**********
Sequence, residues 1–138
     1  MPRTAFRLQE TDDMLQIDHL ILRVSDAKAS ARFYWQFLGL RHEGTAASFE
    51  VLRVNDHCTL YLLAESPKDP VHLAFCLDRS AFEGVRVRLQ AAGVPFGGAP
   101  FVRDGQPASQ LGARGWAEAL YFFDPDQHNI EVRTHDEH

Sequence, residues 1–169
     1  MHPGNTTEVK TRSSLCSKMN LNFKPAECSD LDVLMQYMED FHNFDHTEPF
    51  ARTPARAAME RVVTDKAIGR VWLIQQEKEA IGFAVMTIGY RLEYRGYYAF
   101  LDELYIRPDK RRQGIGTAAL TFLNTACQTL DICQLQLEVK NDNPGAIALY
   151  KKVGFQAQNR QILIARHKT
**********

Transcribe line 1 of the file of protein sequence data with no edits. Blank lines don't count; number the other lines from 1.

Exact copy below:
Sequence, residues 1–138